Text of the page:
d1 $ note ((scaleP scalePattern $ off 4 ((+ 2 ).slow 2) $ off 1 (inversion.slow 2) $ off 3 (inversion.slow 3) $ off 1.5 ((+ 2).rev.slow 2) $ generateMelodicSeed ))#s "[pe-gtr:10,midi]" #gain 1 #orbit 0 #midichan 1 hush d1 $ note ((scaleP scalePattern $ off 4 ((+ 2 ).slow 2) $ off 1 (inversion.slow 2) $ off 3 (inversion.slow 3) $ off 1.5 ((+ 2).rev.slow 2) $ generateMelodicSeed ))#s "[pe-gtr:10,midi]" #gain 1 #orbit 0 #midichan 1 do d9 $ midicmd "stop" # s "midi" hush

Lyric Writing Techniques

Below are various exercises for writing lyrics that I have found useful as a starting place when I’m stuck.

Hot pen

Set a timer. Write until the timer runs out. Do not let yourself stop until the timer is done. Write nonsense if you have to.

Begin each line with the last word from the previous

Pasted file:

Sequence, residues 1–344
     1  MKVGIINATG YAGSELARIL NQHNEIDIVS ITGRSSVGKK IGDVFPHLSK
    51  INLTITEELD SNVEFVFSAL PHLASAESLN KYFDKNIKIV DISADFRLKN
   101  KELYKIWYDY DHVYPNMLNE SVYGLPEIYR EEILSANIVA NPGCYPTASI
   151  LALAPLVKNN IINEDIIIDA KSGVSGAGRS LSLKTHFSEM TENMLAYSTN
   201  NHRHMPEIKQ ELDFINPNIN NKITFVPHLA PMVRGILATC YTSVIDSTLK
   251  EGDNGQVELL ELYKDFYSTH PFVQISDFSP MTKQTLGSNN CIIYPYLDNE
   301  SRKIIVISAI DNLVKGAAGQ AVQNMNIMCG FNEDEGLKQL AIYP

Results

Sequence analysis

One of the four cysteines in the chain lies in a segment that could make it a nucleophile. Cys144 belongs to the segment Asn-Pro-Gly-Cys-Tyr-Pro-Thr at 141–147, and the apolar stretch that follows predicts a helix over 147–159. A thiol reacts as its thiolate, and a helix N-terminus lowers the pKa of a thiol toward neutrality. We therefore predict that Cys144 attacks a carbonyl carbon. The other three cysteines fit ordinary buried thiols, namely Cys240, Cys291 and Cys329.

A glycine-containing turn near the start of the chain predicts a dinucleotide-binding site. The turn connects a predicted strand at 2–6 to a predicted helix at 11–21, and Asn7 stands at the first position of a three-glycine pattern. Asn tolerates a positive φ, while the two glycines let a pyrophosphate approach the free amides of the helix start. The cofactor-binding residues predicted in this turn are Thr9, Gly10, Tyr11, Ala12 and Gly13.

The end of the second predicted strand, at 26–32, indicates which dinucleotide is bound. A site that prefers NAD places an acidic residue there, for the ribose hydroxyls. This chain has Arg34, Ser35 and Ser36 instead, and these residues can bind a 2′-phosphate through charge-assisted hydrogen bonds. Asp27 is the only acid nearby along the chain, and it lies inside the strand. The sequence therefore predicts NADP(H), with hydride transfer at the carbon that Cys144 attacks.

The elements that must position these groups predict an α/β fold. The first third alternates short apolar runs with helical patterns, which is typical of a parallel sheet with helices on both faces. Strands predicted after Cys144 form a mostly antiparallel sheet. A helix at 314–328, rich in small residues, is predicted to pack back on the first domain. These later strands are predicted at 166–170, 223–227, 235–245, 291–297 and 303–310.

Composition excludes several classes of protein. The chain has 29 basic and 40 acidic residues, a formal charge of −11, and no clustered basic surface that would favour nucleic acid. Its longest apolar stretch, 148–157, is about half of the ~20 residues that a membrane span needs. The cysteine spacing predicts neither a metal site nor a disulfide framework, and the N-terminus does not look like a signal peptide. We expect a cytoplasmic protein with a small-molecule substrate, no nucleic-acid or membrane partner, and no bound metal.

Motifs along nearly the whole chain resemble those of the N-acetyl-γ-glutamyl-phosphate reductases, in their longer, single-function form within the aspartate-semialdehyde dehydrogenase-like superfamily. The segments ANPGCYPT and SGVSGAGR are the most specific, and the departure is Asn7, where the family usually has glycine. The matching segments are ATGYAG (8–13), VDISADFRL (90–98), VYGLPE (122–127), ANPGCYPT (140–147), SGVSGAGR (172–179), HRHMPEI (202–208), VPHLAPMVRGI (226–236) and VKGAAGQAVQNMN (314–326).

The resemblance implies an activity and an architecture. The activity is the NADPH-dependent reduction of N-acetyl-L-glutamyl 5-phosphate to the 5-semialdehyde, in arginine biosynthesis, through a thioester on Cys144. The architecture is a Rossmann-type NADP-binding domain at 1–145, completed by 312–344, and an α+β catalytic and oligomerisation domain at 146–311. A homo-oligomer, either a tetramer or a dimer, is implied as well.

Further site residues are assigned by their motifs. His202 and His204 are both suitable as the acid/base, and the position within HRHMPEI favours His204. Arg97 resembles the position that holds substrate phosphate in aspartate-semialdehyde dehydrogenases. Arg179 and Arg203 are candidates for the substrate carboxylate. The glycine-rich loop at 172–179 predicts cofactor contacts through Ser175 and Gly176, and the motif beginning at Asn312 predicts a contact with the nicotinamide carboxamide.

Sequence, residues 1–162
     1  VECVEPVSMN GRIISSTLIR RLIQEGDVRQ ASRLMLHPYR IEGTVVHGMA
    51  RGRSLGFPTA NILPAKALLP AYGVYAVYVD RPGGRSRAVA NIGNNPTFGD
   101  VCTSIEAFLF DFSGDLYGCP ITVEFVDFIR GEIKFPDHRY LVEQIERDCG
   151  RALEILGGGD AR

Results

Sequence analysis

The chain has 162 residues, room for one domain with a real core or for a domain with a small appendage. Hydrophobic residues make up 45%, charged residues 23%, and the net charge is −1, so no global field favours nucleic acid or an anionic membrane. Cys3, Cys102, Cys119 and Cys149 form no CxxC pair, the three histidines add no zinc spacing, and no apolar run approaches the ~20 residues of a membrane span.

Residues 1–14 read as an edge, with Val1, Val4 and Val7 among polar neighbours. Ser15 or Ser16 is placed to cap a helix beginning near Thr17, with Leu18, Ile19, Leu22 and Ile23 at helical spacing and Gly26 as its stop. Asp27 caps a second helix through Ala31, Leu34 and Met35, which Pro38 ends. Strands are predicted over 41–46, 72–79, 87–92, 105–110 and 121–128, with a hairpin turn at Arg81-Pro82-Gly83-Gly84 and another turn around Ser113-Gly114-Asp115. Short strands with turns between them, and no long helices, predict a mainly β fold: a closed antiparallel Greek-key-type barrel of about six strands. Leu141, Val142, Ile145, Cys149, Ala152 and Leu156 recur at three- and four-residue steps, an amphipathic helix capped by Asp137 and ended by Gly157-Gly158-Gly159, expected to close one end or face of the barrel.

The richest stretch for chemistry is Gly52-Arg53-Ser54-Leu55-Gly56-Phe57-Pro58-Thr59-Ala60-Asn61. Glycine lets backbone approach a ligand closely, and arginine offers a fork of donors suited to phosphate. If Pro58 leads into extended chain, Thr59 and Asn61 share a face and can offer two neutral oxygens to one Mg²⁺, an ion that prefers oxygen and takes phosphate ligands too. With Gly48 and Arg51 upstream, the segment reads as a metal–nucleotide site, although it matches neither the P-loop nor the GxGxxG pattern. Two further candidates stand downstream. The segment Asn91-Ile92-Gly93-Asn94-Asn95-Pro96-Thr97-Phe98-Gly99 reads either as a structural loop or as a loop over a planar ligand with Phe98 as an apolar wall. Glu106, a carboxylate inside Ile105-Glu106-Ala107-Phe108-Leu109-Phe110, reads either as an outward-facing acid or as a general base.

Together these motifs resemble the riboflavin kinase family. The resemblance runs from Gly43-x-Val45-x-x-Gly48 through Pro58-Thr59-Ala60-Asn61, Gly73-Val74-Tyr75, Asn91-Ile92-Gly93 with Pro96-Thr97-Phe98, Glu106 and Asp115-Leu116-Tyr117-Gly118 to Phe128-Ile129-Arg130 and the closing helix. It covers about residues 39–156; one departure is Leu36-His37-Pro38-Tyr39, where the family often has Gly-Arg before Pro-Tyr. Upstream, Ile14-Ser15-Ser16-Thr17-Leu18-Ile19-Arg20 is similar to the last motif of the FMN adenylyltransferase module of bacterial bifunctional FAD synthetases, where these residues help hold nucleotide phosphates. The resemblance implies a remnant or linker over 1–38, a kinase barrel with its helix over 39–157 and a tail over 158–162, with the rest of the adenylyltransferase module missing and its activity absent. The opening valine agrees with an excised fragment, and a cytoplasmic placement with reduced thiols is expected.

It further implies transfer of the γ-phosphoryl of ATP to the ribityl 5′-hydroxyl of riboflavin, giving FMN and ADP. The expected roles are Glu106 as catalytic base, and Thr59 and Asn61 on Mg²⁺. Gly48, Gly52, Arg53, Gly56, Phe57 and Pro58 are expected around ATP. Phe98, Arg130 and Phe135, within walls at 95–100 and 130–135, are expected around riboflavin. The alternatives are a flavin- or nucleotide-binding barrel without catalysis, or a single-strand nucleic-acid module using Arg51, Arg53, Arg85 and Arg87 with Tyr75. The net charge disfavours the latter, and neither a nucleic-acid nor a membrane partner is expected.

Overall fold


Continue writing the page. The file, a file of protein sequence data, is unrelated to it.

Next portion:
This works well in conjunction with hot pen. Try to make a line that starts with the last word of the prior line. This create an artificial sense of continuity and may reveal relationships between ideas that you have not previously considered.

Cutup technique

see [[ Cut-up Technique ]] for more.

Transcribe a conversation

I learned this in Jeff Tweedy’s How to Write One Song, which is excellent. Record or recall a conversation you had with someone or one you overheard. Adapt lines from the conversation as song lyrics.

Noun/Verb ladder

This is also from Jeff Tweedy’s How to Write One Song. Pick 10 nouns and 10 verbs. Create lines that combine nouns and verbs that aren’t used together often. This helps make lines that are surprising or striking. Take the best of these as a starting point for lyrics.

Adapt a poem you like

Use a poem as a jumping off point. Adapt lines from the poem as lyrics. You can use these just to get a sense of the rhythm and flow of the song and then replace them with your own ideas. You may also choose to keep them. However, if you keep the adapted lines you must indicate that the song is an adaptation of their poem and, if they are alive, ask their permission.

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